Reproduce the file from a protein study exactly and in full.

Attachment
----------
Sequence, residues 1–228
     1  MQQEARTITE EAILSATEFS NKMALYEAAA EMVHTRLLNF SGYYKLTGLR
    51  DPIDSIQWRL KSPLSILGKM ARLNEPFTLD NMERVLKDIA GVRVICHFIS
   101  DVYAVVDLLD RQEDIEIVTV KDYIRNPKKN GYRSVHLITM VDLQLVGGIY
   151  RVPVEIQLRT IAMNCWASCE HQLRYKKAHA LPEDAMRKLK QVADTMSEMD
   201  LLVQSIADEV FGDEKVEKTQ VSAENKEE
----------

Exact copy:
Sequence, residues 1–228
     1  MQQEARTITE EAILSATEFS NKMALYEAAA EMVHTRLLNF SGYYKLTGLR
    51  DPIDSIQWRL KSPLSILGKM ARLNEPFTLD NMERVLKDIA GVRVICHFIS
   101  DVYAVVDLLD RQEDIEIVTV KDYIRNPKKN GYRSVHLITM VDLQLVGGIY
   151  RVPVEIQLRT IAMNCWASCE HQLRYKKAHA LPEDAMRKLK QVADTMSEMD
   201  LLVQSIADEV FGDEKVEKTQ VSAENKEE